As part of FoEME’s GWN youth program, yearly camps are organized that bring together youth from neighboring communities from Jordan, Palestine and Israel to learn about their shared environment. I was invited to participate in this year’s youth camp which was held in Alon Tavor Field School at the foot of Mount Tavor in the lower Galilee.
I arrived a day early with my colleague Lisa. Unfortunately we were the only representatives from Jordan this year because of difficulties in obtaining visas. We stayed with Lisa’s family in Nazareth, a city closely identified with Christianity as the home of Jesus and Mary. Her parents live in an apartment on top of the mountainside with a panoramic view of the old city and St. Gabriel Hotel, a former monastery that was converted into a hotel in 1993. I ended up spending four days with them in total, and true to Arab hospitality they graciously welcomed me into their home. More on that later!
Sunday morning we were driven to Alon Tavor Field School and assisted with camp arrivals. Everyone was asked to create a name tag using three languages (Hebrew, Arabic and English) and was given a T-shirt and water bottle. We met as a large group to discuss camp objectives and rules, and then broke off into five smaller groups in which participants chose between art, music, drama, eco-building and social media for building a “campaign”.
The second day workshops were held using these themes to build a joint message about water. I facilitated the social media workshop in which students learned how to create a Prezi presentation. Students were put in mixed groups of two or three and given a computer. Onething I like about Prezi is that multiple users can edit a presentation at once — this facilitated my tutorial because I was able to show them how to do something from my computer using the projector, and could then ask them to try on their own computers. After they had learned the basics, we set about designing the presentation with their chosen theme: SW = save water, stop war, same world. Each group was given a different task such as selecting a song, finding images, or creating a logo. They worked together to produce a Prezi, which was presented to the entire camp.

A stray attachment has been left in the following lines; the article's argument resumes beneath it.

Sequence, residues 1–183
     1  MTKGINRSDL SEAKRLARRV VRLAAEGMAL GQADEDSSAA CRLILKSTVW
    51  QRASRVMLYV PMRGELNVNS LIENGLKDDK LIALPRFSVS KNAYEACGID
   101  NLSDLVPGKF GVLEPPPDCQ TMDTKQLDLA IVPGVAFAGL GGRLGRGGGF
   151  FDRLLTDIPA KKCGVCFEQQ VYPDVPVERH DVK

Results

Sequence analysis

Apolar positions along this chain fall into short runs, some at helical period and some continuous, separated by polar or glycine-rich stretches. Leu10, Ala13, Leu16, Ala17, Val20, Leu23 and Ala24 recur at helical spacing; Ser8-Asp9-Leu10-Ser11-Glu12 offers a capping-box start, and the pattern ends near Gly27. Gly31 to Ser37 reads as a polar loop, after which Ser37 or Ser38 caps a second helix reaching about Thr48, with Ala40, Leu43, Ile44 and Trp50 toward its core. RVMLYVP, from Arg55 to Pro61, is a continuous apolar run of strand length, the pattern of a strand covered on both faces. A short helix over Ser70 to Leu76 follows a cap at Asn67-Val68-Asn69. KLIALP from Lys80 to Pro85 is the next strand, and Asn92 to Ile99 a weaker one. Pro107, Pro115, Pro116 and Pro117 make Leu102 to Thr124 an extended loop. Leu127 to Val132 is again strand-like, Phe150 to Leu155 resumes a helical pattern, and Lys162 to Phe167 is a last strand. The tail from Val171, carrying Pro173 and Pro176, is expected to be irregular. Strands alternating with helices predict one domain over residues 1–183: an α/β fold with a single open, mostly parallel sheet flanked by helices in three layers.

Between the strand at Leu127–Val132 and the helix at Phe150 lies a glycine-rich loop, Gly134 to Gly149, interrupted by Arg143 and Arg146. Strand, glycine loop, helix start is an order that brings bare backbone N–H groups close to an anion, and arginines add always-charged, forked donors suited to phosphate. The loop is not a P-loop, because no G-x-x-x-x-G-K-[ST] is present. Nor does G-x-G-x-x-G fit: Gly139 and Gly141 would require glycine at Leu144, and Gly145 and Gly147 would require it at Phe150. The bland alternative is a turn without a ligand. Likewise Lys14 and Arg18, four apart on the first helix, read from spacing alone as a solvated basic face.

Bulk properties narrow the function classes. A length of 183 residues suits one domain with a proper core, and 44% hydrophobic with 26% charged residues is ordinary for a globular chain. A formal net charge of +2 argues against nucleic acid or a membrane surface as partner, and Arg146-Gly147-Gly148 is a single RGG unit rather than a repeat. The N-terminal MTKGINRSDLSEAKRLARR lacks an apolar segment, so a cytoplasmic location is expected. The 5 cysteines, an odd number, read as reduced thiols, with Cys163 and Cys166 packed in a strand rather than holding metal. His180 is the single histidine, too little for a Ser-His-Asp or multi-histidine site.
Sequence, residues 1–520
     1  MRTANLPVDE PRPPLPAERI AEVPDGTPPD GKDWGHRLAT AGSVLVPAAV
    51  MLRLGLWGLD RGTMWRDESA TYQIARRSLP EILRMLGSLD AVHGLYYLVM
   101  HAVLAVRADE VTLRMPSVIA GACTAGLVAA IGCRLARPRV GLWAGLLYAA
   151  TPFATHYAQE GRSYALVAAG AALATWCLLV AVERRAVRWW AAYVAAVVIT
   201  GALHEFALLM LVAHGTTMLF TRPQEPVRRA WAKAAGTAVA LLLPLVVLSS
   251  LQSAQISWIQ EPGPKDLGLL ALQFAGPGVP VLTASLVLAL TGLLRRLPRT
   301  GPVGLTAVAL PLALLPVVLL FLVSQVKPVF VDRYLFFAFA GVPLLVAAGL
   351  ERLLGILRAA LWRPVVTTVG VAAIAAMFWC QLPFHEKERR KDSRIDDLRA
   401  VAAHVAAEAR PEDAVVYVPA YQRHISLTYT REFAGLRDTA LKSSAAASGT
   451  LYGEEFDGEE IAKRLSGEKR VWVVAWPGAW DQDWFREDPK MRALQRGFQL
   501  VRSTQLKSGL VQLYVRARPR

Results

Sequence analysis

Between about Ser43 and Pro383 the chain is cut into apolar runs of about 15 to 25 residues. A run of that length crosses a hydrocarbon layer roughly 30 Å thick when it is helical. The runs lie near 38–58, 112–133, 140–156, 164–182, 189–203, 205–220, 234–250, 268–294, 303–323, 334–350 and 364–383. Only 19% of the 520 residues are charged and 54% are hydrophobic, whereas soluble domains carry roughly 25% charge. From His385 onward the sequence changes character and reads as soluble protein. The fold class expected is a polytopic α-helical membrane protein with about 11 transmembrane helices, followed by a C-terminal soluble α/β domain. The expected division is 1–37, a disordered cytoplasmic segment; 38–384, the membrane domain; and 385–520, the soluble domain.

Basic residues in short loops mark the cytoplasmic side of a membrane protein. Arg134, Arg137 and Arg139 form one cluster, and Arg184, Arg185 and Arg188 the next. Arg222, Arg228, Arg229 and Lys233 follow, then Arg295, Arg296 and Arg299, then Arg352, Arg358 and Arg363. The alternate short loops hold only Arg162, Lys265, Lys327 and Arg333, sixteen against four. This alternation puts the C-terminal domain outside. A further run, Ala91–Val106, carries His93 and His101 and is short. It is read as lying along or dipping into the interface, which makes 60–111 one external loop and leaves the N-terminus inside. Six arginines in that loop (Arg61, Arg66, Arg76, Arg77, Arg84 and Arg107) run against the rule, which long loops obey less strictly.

After our camp carnival, in which all groups presented their work, we departed for a tour of Akko, a historically important port city on the northwest coast of Israel. The city streets are a reminder of that past, with a stone caravanserai, fortress and walls that are still intact. We walked until we reached the harbor, where we embarked on a sailing trip. The choppy waters didn’t prevent a dance party from forming in the middle of the boat, complete with dabqe, gangnam style and the macarena.
Before saying our goodbyes on the last day of camp we traveled again by bus for a group hike in the Senir Stream Nature Reserve, the Senir Stream being the longest tributary of the Jordan River which originates from the Hasbani Springs in Lebanon. The hike tied everything together as the perfect ending to camp.
I was truly inspired to meet Palestinian and Israeli young people from across the region that are leading their communities in tackling environmental issues!